11.8 million people signed up for Obamacare for 2018

The Affordable Health Care Act (ACA), commonly called Obamacare, had a decrease in enrollment for the 2018 calendar year. Yes, it takes up until April to get the final enrollment numbers for this year. There were a total of 11.8 million people that have applied, a decrease of over 400,000. The monthly premiums increased to $621 per month for 2018 plans from $476 last year…boy I wish my insurance was only $621 month! As that amounts factors in families with kids, etc. and not individual policies like mine.

Now the way the ACA works is some policies get renewed and others are signed up by first time “users” of the health insurance. As far as new enrollees or first time customers, that number is 3.9 million with 7.9 million being renewals. The number of new customers was 27%, down from 31% in 2017. So new Obamacare policies have decreased slightly. Some of those 400,000 may have signed up for private health insurance outside of Obamacare.

There were applications from all age groups as well. There were still younger people who enrolled into Obamacare, so it was not all older and/or “sick” people who may have caused an even bigger spike in premiums. As recall that Obamacare works best when both younger, healthier workers enroll as well as older, sick ones.

Is this good or bad news for 2018 ACA plans?

Many experts say the decrease of 400,000 for 2018 is actually good news. As the Republican lead administration not only cut back on advertising for the ACA, but they also shortened the application window. Therefore people actually had fewer days to enroll this year as opposed to the past. So the 400,000 decline was less than many experts feared.

The percentage of applicants under the age of 35 did come down a little. There was a decrease of about 5% in their enrollment levels. That too can be considered good news as it should ideally hold down the cost of premiums in future years; experts thought even fewer younger people would enroll.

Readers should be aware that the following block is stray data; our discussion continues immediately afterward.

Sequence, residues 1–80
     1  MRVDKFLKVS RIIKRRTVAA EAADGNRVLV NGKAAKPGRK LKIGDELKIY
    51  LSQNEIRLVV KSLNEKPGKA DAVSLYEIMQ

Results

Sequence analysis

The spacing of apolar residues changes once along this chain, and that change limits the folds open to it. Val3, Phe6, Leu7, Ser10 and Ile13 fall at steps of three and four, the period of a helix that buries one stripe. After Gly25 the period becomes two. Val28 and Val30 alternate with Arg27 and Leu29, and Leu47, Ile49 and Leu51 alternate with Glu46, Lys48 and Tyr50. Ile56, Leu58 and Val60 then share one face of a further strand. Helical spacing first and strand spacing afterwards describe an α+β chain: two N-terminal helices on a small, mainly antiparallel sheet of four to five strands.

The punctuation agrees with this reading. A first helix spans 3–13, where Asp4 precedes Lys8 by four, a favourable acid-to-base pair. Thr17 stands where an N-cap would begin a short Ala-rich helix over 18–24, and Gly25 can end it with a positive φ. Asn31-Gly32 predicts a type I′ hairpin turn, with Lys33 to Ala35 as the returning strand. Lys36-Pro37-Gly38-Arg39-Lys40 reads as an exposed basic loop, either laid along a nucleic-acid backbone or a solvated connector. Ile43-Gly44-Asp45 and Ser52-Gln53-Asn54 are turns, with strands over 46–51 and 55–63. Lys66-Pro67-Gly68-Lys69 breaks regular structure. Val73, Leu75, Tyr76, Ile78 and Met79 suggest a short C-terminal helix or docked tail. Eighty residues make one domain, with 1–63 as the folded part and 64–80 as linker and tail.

On the flip side, applicants over the age of 55 (who tend to have higher medical needs) had a slight uptick in demand for 2018, though that was not as great as feared either. While older people will lead to higher Obamacare health plan premiums in the future, the fact the increase was not as great as feared may also be thought of as a positive.

As we noted above, the monthly premiums are now at $621 a month, which is a 30% increase from 2017. That is terrible news. A 30% increase is unsustainable. Most American households are being priced out of the private health insurance marketplace as we have reported, and another 30% increase for next year will cause major difficulties. More people are asking whether they should get health insurance, and they taking the chance of going without health insurance.

The bottom line is the news is mixed. Enrollment numbers of 11.8 million were better than expected as well as the mix of old and new people. But even though people younger than 35 still signed up, the 30% monthly increase in health plan costs will not work over the long term. That is bad news for Americans and the future of Obamacare.

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